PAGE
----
In one embodiment of the invention, a fan 60 may be installed along the air duct 15 to increase the flow of warm air from the interior of housing 1 through air duct 15 and to heat exchanger 26.
FIG. 3 illustrates a cross-sectional view of the top panel of housing 1 illustrating a section of air duct 15 and carbon dioxide chimneys 14 and 16.
When container housing 1 is used for transporting a temperature-sensitive commodity such as fresh produce or human blood plasma, a predetermined amount of coolant is placed in coolant bunker 25. Door 20 of bunker 25 and door 8 of housing 1 are
in their closed positions providing for a substantially airtight bunker 25 and housing 1. Normally before any cargo is placed into housing 1, the cargo has been pre-cooled or frozen to its desired temperature. It is therefore the function of the cargo
container 1 to maintain this cargo at its desired temperature. However, certain cargo may be living organisms which will contanue to respire during transit and, as such, will generate heat which must be overcome in order to maintain the organism at its
desired transit temperature.
While in transit, any heat which penetrates the panel insulation into housing 1 or any heat generated by the cargo being transported in housing 1 will naturally rise to the top of housing 1 along housing panel 3 due to the natural convective flow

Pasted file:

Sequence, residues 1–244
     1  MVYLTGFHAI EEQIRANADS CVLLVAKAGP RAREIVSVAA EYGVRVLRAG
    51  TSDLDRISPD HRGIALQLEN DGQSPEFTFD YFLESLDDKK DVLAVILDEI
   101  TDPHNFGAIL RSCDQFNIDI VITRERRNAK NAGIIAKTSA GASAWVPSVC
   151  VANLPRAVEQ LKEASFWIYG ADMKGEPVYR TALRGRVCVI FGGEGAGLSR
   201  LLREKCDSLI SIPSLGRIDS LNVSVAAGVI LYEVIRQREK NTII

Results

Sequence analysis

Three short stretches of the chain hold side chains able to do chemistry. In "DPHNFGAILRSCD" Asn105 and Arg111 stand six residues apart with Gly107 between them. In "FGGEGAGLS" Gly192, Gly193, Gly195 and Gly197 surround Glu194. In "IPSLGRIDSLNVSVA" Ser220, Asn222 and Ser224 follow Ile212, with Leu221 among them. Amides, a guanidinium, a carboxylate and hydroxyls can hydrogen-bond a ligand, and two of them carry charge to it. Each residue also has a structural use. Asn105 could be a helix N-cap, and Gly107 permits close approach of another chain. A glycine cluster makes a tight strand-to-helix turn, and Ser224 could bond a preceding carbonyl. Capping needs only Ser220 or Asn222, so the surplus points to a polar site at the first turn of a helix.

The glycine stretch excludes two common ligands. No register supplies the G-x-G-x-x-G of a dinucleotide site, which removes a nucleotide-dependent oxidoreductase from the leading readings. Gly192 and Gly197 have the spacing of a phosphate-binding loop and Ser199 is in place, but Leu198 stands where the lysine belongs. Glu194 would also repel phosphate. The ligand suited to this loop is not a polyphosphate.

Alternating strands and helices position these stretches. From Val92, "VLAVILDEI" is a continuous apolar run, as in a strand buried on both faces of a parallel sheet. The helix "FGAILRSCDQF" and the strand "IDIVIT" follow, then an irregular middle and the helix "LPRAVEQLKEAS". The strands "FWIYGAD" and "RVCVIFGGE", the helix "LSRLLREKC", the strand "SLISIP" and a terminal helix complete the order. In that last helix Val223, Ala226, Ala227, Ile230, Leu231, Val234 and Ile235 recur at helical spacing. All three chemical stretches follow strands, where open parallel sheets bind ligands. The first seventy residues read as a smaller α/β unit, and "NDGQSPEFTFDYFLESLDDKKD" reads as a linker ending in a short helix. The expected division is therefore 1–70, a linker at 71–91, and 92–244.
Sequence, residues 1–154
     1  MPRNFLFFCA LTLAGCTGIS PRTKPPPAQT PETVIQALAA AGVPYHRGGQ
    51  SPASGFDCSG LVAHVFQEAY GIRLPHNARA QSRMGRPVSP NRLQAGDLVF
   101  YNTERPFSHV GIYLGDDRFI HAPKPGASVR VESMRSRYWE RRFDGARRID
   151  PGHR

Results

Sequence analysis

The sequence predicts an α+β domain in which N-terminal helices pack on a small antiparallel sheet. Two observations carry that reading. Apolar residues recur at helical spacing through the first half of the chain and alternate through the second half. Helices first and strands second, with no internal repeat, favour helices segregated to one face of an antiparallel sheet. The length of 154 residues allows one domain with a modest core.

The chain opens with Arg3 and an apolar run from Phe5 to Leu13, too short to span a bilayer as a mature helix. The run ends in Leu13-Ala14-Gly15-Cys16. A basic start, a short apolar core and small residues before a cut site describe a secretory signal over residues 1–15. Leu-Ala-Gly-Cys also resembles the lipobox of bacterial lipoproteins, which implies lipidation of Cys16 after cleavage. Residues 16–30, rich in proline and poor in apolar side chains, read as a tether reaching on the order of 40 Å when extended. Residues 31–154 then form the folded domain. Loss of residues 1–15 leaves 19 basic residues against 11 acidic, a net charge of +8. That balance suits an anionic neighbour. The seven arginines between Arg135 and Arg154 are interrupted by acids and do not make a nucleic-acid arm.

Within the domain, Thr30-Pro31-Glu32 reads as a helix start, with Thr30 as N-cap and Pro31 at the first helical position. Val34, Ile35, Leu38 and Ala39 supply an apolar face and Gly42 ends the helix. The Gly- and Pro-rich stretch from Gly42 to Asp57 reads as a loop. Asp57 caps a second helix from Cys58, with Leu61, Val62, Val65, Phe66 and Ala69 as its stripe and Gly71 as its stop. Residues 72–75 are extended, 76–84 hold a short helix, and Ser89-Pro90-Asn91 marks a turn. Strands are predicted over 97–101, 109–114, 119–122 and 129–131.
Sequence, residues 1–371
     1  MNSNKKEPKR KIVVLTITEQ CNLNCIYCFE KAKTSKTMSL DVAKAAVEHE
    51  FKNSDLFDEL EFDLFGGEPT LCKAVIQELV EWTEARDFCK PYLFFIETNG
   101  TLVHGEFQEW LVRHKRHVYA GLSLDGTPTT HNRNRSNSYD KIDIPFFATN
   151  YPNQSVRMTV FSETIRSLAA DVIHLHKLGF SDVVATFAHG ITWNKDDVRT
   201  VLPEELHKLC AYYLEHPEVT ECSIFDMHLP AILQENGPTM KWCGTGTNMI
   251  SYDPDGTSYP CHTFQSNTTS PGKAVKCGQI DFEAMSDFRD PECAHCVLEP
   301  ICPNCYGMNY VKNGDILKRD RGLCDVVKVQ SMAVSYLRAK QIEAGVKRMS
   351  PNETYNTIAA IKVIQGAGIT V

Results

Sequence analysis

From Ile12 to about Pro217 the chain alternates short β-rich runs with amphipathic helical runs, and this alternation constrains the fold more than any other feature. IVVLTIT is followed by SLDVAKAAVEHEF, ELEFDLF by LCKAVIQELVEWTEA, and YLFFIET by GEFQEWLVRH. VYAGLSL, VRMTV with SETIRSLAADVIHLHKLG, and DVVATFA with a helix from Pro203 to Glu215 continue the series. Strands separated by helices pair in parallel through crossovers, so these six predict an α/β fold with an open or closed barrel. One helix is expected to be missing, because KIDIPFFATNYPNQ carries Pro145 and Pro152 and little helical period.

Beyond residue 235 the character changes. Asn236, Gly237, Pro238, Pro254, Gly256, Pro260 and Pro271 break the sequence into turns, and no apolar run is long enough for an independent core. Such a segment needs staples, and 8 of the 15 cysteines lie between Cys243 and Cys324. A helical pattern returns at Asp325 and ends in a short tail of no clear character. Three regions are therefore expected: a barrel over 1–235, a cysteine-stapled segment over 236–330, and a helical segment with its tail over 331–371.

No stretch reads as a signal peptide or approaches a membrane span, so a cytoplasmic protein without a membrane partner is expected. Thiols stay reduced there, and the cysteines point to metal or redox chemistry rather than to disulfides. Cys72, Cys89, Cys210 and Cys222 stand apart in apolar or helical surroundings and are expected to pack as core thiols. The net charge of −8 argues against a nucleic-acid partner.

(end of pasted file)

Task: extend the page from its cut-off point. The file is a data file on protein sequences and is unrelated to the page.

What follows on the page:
of air in the container (indicated by the circular arrow 23 in FIG. 2). When this happens, air duct 15 will receive warm air which moves up along housing side panel 6 and towards top panel 3. The air moving through duct 15 will circulate toward bunker
25 and between baffle 40 and bunker 25 to contact heat exchanger 26. Heat exchanger 26 has been cooled by the coolant located within bunker 25 and has allowed heat from the interior of housing 1 to pass into bunker 25 and to cause the coolant to
sublime, vaporize or liquify. The liquid or gaseous coolant then cools heat exchanger 26. As the warm air passes through duct 15 to contact heat exchanger 26, this air is cooled by heat exchanger 26. The cool air then continues along its path through
air duct 50 and the cool air flows into the remaining interior of the container where it circulates throughout the container and about the cargo being transported. The driving force causing the air to circulate is the difference in density between the
cold air descending through air duct 50 and the warm air rising through the body of the housing 1. With careful design this convective force can cause 10-30 cubic feet of air per minute to move through ducts 15 and 50.